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Dog Car Safety Tips

March 6, 2020

Securing your dog not only keeps him safe, but also keeps him from distracting you. This keeps you safe, too. There are countless dog car safety products on the market, though, so finding the right one can be overwhelming. Our experts offer their advice to help keep you and your trusty copilot safe, no matter how long or short the drive.

3 Dog Car Safety Tips

1. Training

You may have expected this list to start with a product like a dog seat belt, but extensive training is crucial. A well-trained dog will cause fewer distractions in the car, which significantly reduces the risk of an accident.

Whether your dog is scared of car rides or gets overly excited about getting in a vehicle, start with slow, gradual training. Get him used to getting in and out of the car, the sounds of the doors, the engine and the horn.

Once he’s got that down, go for a ride around the block. Slowly increase your distance as he learns to hop right in and sit in his seat. By taking things slow, your dog will learn how to behave in the car, which helps keep you both safe.

2. Buckle Up

There are a lot of products on the market for dog car safety, but not all products are created equal. Do your research to ensure the product you choose fits your dog properly for his size.

Dog seat belts and car harnesses are two of the more popular options. They click right into the existing seat belt buckles in your car. These products can allow your dog some freedom to move around, but keep him secure in his seat.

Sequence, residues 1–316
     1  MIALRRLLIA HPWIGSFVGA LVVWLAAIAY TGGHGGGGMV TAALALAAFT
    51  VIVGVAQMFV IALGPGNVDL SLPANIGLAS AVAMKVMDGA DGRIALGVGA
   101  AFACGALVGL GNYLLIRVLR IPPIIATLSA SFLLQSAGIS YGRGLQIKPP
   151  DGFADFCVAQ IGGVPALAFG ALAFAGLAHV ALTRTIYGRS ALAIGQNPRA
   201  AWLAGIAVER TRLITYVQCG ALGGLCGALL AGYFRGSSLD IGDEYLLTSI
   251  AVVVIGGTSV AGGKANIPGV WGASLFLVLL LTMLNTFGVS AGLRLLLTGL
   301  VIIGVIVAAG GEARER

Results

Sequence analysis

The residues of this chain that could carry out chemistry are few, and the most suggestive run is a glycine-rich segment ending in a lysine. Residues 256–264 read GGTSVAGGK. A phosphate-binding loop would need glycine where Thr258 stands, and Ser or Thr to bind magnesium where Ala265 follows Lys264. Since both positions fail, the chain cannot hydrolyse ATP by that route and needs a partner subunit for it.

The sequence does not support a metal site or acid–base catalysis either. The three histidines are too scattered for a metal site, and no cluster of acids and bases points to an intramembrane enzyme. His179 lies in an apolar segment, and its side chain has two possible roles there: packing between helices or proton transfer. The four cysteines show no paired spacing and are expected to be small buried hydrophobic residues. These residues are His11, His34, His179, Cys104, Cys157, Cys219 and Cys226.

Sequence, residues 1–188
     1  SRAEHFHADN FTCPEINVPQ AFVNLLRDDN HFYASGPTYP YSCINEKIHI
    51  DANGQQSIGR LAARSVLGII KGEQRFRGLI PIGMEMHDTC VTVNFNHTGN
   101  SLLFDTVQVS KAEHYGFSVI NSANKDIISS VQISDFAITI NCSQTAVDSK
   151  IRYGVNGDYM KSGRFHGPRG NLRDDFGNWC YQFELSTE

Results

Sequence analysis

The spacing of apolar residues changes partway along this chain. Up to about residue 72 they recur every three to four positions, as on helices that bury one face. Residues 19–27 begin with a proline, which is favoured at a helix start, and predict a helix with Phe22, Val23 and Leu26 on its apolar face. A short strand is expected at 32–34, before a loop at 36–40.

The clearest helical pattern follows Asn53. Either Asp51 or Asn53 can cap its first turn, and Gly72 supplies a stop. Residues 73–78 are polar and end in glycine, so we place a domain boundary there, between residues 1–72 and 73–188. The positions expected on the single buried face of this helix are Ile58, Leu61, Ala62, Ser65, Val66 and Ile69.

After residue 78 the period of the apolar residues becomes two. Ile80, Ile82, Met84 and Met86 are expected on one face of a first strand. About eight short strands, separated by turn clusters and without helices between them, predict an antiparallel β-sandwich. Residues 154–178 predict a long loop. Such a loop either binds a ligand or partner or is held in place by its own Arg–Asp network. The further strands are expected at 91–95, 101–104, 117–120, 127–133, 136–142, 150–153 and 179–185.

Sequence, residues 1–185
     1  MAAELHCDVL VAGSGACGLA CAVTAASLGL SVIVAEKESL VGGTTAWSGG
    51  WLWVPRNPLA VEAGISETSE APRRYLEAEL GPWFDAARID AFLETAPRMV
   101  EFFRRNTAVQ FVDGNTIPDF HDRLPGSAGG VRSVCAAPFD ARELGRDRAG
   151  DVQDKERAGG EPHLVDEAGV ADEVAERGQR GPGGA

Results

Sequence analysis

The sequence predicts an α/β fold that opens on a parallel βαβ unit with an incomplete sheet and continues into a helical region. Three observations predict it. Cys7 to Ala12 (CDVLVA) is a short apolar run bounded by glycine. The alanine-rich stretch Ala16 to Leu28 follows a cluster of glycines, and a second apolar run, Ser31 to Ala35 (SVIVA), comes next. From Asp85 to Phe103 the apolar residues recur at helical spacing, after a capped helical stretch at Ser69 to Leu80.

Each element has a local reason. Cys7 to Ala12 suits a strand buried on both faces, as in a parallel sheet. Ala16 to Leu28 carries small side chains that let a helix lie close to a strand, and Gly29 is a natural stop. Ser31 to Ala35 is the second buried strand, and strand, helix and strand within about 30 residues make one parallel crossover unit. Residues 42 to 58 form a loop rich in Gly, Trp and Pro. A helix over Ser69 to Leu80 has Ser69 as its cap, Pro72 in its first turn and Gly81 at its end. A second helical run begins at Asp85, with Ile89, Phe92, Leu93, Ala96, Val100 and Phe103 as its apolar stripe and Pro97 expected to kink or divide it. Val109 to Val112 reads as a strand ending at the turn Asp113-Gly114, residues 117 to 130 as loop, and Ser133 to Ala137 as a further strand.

Although plenty of other options are available, like harnessed dog boosters, mesh car barriers and dog hammocks, these don’t offer the security of a dog car safety harness or belt if you make a sudden stop or are in a collision. In fact, if some of these items aren’t properly secured, they could injure both you and your dog.

3. Be Prepared

Whether it’s a short ride or a long trip, make sure you’re prepared. Bring along your dog’s usual collar or harness, plus his leash.

Make sure you have plenty of food and fresh water, along with a food bowl and spill-proof water bowl. You’ll want to time his feedings so he’s not traveling on a full stomach, which can cause motion sickness.

Other items to consider based on trip length include:

  • Medications your dog may need
  • A blanket or his dog bed
  • Brush and other grooming items
  • Toys and treats
  • Your dog’s crate or kennel

Taking a road trip with your dog can be a fun experience. Remember to never leave him in your vehicle, as the interior temperatures can reach life-threatening levels quickly.

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